Friday, July 01, 2005

Novel: Creepy Deeps

Starfish By Peter Watts, TOR Books, 1999

I came to this book via Boing boing, an interesting and eclectic news site catering to the computer literate diginesti. The site was recommending the latest by this author, which is a continuation of a series. I found the first book of the series, used, At Powell’s in Oregon, and picked it up.

And its one of those books you’re glad to have read but not wouldn’t necessarily recommend to others.

Here’s the gist of it. It’s the near future, teetering on the edge of apocalypse world. Megacorps are in control and much of the population are in refugee camps on a tainted coastline. The mega-C’s have installed power stations in the deep trench smokers, where the continents butt together. And they staff them with modified transhumans capable of breathing water and withstanding the pressure.

And to staff these deep-sea dwellings they choose broken people – abusers, molesters, victims, people whom they can modify easily, and whom, if they fail, won’t be missed.

That right off the bat doesn’t do a lot for me, since all the characters are not people I would trust in my living room, much less roaming around unsupervised at the bottom of the ocean. And to Watt’s credit, he shows the losses from this badly thought-out piece of corporate creativity. Some of the crazy creeps go crazier. Some go an entirely new type of crazy. And some seem to go sane under the pressure.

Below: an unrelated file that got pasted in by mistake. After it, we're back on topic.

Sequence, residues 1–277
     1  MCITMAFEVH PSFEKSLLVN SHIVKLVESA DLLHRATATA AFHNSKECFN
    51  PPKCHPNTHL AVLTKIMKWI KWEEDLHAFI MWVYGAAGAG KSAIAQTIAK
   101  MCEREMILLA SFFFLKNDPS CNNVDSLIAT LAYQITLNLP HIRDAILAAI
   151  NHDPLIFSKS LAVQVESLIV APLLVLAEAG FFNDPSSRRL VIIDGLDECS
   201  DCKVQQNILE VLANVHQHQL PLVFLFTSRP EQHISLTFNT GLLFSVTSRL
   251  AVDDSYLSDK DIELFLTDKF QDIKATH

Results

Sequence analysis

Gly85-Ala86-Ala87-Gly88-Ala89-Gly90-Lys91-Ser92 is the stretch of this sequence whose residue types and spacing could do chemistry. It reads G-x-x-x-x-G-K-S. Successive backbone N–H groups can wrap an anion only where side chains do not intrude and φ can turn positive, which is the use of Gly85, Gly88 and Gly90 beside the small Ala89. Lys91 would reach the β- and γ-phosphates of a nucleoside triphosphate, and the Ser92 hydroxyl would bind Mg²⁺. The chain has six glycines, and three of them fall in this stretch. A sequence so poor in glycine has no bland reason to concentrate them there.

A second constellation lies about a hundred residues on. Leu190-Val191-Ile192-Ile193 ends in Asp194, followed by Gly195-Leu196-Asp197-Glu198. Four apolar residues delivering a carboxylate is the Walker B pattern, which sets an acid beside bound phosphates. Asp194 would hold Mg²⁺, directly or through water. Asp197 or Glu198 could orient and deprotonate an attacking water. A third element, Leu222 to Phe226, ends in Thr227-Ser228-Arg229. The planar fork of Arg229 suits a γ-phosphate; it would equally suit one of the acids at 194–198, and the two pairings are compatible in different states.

Watts tries to make understandable these broken people, but does not make them sympathetic. This is a good thing from the reader’s standpoint, but in the process he also makes them difficult to tell apart. I thought this was just me at first, but I found the receipt for the book (Originally purchased at Barnes & Nobles #1964, Portland, Oregon) with crib notes from the original owner written on the back, writing up who all the characters are.

You never get close to these broken folk – there is too much distance, emotionally and evolutionarily, to get past. More frustrating, while the inmates of the deep sea asylum are coming to terms with their new role in the world, they are reduced to little more than witnesses for ANOTHER corporate screwup which drives the apocalypse at the end of the book.

The ideas and concepts in the book are intriguing, but in the end you realize you’ve been reading about one thing when the writer is setting you up for the ideas that he wants to talk about. And apparently these ideas continue in another book, but I can’t really say if I will follow him there.

More later,